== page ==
Nothing tastes better than fruits or vegetables or picked fresh from your own garden!! A strawberry or pea pod you pick right from the garden will taste sweeter partly because you know you grew it yourself. In addition, when you grow your own food you have control over what, if any, pesticides or fertilizers are used. Babies and toddlers are especially vulnerable to the possible effects of pesticides as they are less able to detoxify toxic chemical due to their smaller size.
Another reason to grow your own fruits and vegetables is that they will be much fresher, and fresher produce will generally contain more nutrients. According to Lisa Ramirez, Times Herald-Record, “Much of the produce sold at large supermarket chains is grown hundreds of miles away….places such as California, Florida and Mexico. That means days — perhaps even more than a week — have passed since it was picked, packaged and trucked to the store, where it can sit on the shelves even longer. Often, too, produce is picked before it’s ready, preventing it from ever reaching its nutritional potential.”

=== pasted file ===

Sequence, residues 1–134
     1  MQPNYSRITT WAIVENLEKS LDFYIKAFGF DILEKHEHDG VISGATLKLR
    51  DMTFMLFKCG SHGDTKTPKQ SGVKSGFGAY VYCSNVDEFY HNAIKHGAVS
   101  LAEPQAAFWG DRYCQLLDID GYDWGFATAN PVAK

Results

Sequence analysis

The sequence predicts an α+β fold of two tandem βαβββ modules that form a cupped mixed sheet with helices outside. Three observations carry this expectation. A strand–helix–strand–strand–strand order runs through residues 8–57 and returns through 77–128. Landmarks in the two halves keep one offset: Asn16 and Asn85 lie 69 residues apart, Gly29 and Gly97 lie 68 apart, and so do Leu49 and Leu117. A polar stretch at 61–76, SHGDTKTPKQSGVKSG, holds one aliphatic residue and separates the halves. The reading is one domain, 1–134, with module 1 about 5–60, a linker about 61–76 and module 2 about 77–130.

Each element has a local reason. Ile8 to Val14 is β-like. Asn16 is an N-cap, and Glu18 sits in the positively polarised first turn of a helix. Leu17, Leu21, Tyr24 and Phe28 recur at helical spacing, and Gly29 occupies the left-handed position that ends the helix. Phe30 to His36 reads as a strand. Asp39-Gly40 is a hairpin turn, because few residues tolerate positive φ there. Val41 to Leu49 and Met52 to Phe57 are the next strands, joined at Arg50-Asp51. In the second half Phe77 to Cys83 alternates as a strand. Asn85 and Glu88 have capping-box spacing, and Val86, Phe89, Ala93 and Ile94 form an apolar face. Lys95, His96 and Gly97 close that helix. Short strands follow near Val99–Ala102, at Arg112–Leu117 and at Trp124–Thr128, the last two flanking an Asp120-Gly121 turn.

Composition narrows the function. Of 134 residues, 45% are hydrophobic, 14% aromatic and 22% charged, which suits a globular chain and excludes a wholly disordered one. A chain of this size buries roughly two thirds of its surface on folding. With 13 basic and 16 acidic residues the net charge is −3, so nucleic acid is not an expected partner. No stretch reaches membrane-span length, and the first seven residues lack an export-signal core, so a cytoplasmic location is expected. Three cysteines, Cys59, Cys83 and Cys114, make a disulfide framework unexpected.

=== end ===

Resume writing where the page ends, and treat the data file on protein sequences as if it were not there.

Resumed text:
Yesterday was fun; as in one of those days when you laugh at yourself over and over as you expirament with something.
My husband has been gluten free for several years now, and dairy free as well. His mom was making their family cheesecake recipe that was passed down from my husband’s Irish great-grandmother, and I wondered if it would be possible to modify it to be gluten free and dairy free. With that said; baking has never been a strong suit of mine.
Here’s the original recipe:
Combine the following ingredients and form into a graham cracker crust in a pie pan:
16 graham crackers
1 stick butter
2 Tablespoons sugar
Bake at 350 degrees for 15 minutes
Beat 2 eggs
Add 1/2 cup sugar
Add 1 teaspoon vanilla and 12 oz cream cheese